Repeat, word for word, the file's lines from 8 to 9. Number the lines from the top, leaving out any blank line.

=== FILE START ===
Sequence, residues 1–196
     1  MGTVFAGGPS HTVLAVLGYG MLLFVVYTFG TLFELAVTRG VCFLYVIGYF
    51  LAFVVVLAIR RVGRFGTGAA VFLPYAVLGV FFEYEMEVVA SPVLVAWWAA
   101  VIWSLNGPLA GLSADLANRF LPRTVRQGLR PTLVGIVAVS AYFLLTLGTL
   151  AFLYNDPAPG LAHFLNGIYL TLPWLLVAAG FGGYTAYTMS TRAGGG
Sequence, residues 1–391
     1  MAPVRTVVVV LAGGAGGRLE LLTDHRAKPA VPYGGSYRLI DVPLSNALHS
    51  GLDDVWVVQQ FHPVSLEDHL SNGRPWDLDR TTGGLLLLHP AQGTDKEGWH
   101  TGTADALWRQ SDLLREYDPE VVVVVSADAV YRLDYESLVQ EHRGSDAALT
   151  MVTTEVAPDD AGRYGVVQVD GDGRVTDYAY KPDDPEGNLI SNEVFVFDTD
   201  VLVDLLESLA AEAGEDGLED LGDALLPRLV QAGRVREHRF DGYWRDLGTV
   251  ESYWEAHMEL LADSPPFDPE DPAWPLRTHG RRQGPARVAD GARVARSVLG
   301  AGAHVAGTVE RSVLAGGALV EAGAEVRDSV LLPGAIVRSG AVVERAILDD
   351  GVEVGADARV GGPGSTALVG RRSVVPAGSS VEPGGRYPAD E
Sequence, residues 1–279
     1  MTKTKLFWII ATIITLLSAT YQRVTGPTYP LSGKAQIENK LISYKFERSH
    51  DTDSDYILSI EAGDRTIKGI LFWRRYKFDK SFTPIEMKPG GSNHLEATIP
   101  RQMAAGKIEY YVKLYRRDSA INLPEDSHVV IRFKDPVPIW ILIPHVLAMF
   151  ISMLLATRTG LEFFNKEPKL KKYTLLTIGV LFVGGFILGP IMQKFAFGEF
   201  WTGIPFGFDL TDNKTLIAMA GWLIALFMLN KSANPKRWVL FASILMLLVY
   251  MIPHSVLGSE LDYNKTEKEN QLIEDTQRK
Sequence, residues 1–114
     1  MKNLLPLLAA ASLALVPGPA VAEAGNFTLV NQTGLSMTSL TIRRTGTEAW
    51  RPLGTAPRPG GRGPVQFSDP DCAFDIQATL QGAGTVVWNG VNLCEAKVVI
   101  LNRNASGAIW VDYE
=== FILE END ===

    51  GLDDVWVVQQ FHPVSLEDHL SNGRPWDLDR TTGGLLLLHP AQGTDKEGWH
   101  TGTADALWRQ SDLLREYDPE VVVVVSADAV YRLDYESLVQ EHRGSDAALT